Marketplaces selling NFTs are exceeding USD 1 billion in sales per week. These auctions, and fixed-price sales, can be started immediately at any time or scheduled. And they can happen individually or as part of a “drop” of several pieces simultaneously.

On the sell side, this liquidity is supported by the fact that all, or nearly all, NFTs created using the ERC-721 and related standards can be sold 24/7 on any compatible marketplace. And on the buy side, collectors are able to bid for pieces that are not available yet for sale. In the physical world, it may not be easy to find and contact the owner of a given piece of art. But a main feature of NFTs is that the owner of every NFT is published at all times. A bid made by anybody, anywhere, anytime, will be seen by the owner of a piece even if they did not plan on selling it.

Transferring an NFT to a friend (not a sale) typically costs between a few cents (USD) and USD 20, depending on the network. This is irrespective of the value of the asset, and there are no holding costs.

On top of this, an NFT can be listed simultaneously on multiple marketplaces. An NFT can be on display in multiple physical galleries and for sale in multiple competing digital auctions all at the same time. Gallery owners and the community are still debating if displaying the same NFT art in multiple galleries is acceptable.

Why are people paying money for digital, copy-pasteable art?

From the beginning, non-fungible tokens (NFTs) sent a promise to creators everywhere of a transparent and equitable path forward for releasing art in its many forms. The art market for NFT brings new value propositions specifically because of the direct and verifiable connection to the artist.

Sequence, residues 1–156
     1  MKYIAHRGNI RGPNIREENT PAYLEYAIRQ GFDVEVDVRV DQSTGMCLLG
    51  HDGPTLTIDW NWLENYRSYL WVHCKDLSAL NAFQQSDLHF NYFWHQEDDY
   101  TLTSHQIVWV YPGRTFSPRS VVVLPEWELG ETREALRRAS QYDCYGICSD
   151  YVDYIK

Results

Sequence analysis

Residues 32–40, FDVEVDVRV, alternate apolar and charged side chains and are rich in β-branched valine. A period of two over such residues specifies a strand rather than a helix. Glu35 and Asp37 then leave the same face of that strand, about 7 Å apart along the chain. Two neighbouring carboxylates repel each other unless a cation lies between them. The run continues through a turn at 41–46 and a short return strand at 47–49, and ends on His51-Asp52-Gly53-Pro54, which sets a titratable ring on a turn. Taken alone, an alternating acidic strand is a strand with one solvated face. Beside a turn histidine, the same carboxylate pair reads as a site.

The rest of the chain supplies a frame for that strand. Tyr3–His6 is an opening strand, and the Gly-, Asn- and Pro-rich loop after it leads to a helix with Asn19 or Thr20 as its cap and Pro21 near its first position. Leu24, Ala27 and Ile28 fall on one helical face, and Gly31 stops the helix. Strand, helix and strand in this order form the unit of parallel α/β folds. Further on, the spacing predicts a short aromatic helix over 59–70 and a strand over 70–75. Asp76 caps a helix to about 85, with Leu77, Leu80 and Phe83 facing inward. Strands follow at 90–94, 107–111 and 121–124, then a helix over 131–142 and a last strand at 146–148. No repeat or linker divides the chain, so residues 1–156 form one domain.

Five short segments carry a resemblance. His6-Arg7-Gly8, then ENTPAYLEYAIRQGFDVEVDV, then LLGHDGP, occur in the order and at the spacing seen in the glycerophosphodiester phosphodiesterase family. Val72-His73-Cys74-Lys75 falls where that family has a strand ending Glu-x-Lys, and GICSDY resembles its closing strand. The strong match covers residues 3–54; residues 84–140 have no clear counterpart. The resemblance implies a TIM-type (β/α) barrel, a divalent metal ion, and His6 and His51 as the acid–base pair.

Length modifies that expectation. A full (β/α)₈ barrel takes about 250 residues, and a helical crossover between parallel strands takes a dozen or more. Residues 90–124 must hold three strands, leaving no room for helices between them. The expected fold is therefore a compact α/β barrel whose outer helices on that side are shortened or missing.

Quite a few people have spent between thousands and millions of dollars (USD) to gain ownership and non- exclusive access to what is effectively a profile photo which they can use as an avatar for digital platforms. Several value propositions are at play:

  1. Utility—During COVID-19, a years-long bad hair day, many people are happy to adopt a fictional visual representation of themself. And as we learn more about the impacts of interactive media on self-image, staring at a younger photo of one’s self every day might leave still more people looking for an alternative. Premium profile photos fill this void.

  2. “Flex” (showing off)—Because of transparent NFT marketplaces, it is well known that many profile photo NFTs are valued over USD 100,000. Anybody claiming to own one is representing liquid assets of at least that much. This can be more effective than most dating profile photos that subtly but very clearly show a premium car brand in the background.

  3. Patronage—Nearly all NFT art sales on the primary market are a direct transaction between the artist and the buyer. Buyers can be confident their money is directly supporting the artist.

The good, the bad, and the ugly of NFTs

The good and the bad are intertwined.

Highly liquid markets, zero holding costs and large-scale, free press coverage makes NFTs an attractive asset class for speculators. These speculators provide buying power and support artists with funding. But at the same time, financially-motivated buyers may take away from the art in the art business.